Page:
Scots pine - The forgotten species of Irish Forestry?
Keywords: Scots pine, forest history, plantations, estate planting, Pinus sylvestris L., ancient woodlands.
AbstractThe author briefly describes the gradual extinction of the Scots pine in Ireland and its re-introduction during the period of estate and demesne development in the seventeenth and eighteenth century. The expansion of Scots pine continued under the planting programme of the State Forestry Service from 1903, but stopped abruptly after 1950. The cause of this decline is attributed the unsatisfactory returns from existing plantations, the slowness of the species' growth compared to Sitka spruce and the limited provenance available. Recent stands established with modern techniques of ploughing, fertilising and from select seed sources have shown promise with yield class levels consistently between 12 and 14. The versatility of Scots pine as opposed to other species, and its value as a construction timber are given as reasons for its increasing popularity.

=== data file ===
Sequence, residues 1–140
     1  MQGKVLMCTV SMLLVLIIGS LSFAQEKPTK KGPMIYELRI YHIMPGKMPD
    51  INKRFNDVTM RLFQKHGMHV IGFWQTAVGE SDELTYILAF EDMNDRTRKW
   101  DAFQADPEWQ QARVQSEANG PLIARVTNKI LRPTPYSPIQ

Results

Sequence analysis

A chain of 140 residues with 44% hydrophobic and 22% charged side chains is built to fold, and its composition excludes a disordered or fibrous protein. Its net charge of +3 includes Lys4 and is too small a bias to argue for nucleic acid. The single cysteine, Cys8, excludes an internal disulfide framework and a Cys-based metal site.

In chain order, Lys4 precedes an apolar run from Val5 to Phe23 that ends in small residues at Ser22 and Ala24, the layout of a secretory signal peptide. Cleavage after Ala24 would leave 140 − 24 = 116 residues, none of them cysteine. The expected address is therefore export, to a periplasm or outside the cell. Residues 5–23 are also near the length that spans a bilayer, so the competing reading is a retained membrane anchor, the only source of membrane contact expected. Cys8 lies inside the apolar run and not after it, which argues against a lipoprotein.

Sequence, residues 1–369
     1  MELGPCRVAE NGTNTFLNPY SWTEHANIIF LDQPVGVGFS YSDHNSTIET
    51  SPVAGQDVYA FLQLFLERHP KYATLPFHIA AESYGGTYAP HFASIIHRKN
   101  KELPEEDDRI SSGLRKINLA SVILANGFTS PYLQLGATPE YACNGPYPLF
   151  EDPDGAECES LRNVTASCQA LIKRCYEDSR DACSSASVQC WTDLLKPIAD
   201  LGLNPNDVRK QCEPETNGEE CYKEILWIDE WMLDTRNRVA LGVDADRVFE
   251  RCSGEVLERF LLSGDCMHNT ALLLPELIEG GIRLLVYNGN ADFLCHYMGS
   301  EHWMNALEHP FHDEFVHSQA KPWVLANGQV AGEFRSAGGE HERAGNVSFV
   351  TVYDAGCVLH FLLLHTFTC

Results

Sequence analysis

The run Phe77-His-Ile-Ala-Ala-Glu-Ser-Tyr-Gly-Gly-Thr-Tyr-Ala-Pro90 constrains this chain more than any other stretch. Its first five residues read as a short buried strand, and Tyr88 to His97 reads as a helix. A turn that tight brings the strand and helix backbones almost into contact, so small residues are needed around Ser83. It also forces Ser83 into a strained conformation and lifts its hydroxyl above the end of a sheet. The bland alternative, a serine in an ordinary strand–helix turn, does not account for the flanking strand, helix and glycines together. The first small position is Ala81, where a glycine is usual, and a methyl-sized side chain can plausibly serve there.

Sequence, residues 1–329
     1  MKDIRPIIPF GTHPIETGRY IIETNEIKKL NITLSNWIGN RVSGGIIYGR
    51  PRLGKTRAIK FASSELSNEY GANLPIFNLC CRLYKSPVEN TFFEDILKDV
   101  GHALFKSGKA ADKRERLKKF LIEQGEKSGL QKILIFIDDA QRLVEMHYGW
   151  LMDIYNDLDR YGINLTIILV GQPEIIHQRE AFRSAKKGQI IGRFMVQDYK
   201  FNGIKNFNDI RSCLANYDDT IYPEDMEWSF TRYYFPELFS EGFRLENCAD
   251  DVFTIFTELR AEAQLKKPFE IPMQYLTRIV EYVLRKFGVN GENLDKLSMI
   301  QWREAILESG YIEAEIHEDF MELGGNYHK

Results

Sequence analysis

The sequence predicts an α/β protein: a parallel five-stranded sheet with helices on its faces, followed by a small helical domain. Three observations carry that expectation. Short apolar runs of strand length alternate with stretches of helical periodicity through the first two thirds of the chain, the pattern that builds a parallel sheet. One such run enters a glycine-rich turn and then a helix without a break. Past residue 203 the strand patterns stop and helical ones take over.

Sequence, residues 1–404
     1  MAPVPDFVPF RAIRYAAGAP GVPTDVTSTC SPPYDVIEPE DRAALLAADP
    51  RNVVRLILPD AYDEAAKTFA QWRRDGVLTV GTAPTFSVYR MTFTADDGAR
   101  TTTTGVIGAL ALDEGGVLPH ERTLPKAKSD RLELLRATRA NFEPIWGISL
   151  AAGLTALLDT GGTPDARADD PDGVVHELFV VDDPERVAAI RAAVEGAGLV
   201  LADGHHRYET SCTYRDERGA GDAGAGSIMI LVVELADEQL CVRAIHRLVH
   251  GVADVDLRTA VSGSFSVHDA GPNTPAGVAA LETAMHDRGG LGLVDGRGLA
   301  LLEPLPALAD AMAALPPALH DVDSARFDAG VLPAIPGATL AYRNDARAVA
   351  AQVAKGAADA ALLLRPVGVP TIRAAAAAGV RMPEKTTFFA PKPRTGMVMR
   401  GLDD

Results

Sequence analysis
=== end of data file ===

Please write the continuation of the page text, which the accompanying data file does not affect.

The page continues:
How to Cite
Mooney, O. (1986). Scots pine - The forgotten species of Irish Forestry?. Irish Forestry. Retrieved from https://journal.societyofirishforesters.ie/index.php/forestry/article/view/10455